Early England’s forgotten monarchs are set for a high-profile comeback – more than 1,000 years after they died.
Scientists are investigating the remains of up to 18 Anglo-Saxon kings and queens to try to determine their identities, potentially including the pivotal figure of Queen Emma. Emma of Normandy was the wife of two kings and the mother of two others, and one of the most significant figures of late Anglo-Saxon England.
The trove is believed to be the largest assemblage of medieval royal skeletal material ever scientifically analysed anywhere in the world.
For hundreds of years, some 1,300 royal and other high status bones have been kept in elaborate wooden caskets in what was, back in Anglo-Saxon times, England’s de facto capital city, Winchester.
Between the mid-seventh century and the mid-tenth, at least a dozen Anglo-Saxon kings were buried there – and, in at least the seventh and eighth centuries, it was probably the main administrative centre of the important Anglo-Saxon kingdom of Wessex, which by the late ninth century had expanded to become the Kingdom of England.
Until now, historians had thought that the bones belonged to just 11 individuals – six Anglo-Saxon kings, an Anglo-Saxon queen, an Anglo-Norman king, an Anglo-Danish king and two Anglo-Saxon Bishops.
But new scientific research, led by University of Bristol osteologists, Dr Heidi Dawson-Hobbis and Professor Kate Robson Brown on behalf of the Dean and Chapter of Winchester Cathedral, has revealed that they are the partial remains of at least 23 people.
It is therefore likely that they also represent the remains of many other prominent Anglo-Saxons, potentially including up to half a dozen more early Anglo-Saxon kings.
The detailed scientific investigation into the bones will take several years to complete and should enable scientists to determine, in some cases, which bones belonged to which kings.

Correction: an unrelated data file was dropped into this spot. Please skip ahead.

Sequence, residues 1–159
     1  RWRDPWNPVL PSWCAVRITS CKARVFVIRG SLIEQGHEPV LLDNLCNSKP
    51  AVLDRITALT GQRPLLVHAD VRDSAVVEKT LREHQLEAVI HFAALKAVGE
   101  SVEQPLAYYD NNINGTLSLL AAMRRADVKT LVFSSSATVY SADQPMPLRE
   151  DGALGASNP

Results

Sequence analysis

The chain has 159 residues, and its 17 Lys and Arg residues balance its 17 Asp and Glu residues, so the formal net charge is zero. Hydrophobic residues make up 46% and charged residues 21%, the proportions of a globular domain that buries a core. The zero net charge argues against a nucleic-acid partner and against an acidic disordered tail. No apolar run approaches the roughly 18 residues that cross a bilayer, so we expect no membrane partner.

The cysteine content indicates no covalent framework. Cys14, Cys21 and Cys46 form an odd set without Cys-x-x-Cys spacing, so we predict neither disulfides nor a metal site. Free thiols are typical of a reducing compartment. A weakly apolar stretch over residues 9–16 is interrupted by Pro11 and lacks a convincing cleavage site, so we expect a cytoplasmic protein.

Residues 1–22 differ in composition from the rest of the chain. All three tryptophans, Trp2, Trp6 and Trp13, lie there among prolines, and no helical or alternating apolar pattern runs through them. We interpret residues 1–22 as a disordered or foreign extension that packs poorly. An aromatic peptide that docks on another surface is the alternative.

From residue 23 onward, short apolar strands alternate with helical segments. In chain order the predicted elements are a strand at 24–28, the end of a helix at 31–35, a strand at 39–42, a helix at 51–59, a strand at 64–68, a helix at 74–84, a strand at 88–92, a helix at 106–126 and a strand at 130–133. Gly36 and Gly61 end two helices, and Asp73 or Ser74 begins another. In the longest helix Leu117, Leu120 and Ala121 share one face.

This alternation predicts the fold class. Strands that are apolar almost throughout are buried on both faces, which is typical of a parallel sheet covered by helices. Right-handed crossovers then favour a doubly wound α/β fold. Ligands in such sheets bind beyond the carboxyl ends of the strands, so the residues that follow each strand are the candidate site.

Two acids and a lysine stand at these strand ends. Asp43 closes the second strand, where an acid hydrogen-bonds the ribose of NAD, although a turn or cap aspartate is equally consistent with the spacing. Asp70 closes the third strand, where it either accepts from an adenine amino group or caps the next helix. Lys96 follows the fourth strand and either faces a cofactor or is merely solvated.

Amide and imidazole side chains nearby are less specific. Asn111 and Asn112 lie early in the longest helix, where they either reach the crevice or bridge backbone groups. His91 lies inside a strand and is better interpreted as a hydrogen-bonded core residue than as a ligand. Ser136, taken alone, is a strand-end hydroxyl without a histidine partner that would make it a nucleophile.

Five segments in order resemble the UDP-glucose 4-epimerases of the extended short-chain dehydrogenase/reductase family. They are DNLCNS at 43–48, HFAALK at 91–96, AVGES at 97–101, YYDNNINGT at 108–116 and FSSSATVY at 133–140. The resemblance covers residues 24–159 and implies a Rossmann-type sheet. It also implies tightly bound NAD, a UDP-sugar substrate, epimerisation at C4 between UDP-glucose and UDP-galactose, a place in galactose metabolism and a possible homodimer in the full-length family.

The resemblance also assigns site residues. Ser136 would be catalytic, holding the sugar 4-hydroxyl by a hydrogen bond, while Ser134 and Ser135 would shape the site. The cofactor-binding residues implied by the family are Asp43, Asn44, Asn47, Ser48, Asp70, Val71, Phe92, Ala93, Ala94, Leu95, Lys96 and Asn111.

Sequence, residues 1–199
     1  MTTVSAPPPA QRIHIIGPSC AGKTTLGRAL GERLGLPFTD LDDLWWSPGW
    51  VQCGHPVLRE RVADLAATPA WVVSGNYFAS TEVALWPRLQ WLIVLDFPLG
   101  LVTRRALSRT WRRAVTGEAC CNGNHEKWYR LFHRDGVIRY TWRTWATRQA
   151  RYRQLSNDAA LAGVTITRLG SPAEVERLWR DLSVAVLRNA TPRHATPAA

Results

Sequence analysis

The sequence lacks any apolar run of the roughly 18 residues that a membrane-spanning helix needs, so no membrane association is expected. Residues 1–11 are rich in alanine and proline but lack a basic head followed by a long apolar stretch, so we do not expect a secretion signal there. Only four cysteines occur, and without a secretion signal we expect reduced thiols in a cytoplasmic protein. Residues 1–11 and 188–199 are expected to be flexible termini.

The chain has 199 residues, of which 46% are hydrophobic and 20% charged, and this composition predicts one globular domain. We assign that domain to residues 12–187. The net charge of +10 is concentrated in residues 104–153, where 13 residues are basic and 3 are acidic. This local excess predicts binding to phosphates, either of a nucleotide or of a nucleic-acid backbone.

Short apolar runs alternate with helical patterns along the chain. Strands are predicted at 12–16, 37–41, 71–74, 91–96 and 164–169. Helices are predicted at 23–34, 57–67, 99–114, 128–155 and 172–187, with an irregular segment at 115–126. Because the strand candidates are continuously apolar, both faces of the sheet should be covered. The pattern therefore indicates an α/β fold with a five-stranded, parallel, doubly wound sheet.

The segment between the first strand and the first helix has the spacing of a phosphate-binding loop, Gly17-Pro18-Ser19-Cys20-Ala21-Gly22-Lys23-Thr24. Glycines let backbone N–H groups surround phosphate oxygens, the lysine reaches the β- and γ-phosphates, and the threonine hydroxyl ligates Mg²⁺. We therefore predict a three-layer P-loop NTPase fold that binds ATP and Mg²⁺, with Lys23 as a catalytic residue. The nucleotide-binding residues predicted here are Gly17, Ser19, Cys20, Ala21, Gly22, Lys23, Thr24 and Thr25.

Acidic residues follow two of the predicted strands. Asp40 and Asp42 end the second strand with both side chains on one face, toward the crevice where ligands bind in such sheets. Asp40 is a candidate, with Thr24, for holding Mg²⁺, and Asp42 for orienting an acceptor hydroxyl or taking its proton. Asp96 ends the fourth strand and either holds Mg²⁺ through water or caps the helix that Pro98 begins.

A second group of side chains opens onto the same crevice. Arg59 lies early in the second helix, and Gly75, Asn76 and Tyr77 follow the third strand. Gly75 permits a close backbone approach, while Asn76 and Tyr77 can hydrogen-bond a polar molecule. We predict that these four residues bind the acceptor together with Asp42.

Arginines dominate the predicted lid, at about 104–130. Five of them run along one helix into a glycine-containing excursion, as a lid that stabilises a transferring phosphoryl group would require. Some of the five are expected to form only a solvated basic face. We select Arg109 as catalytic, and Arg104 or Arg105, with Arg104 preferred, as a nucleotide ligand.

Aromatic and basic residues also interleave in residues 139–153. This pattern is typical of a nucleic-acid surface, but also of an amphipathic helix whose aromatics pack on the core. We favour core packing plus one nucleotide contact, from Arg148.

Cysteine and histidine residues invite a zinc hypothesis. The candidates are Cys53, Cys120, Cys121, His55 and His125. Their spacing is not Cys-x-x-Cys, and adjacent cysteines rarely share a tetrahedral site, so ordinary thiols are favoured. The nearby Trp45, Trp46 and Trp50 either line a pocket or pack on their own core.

To achieve this, scientists have already dated some of the bones, have determined the individuals’ sexes and have succeeded in working out how old each individual was at the time of their deaths. Now they plan to carry out DNA testing to reveal specific family relationships between the individuals, additional radiocarbon dating tests and isotopic analyses to try to determine approximately where each individual grew up.
Specialists from Bristol University are also currently in the process of restoring the skeletons. So far, 10 have been substantially reassembled. The research will also enable scientists to learn more about what Anglo-Saxon elites ate, what diseases they suffered from and even what potential physical activities, such as archery and horse-riding, they engaged in.
Until the mid-17th century some individuals’ bones had been kept in separate caskets, but during the English Civil War, Parliamentarian troops ransacked Winchester Cathedral and, almost certainly aware of the royal nature of much of the skeletal material, scattered the bones around the building.
Now, more than 370 years later, scientists are set to reverse that act of anti-royalist desecration. For the first time in centuries, they are now at least partially restoring the skeletal integrity of some of England’s earliest monarchs.
The skeletal restoration process is likely to shine a spotlight on a largely forgotten era of British history – the origins and early development of the kingdom of Wessex and its ultimate transformation into the Kingdom of the English, the embryonic Kingdom of England.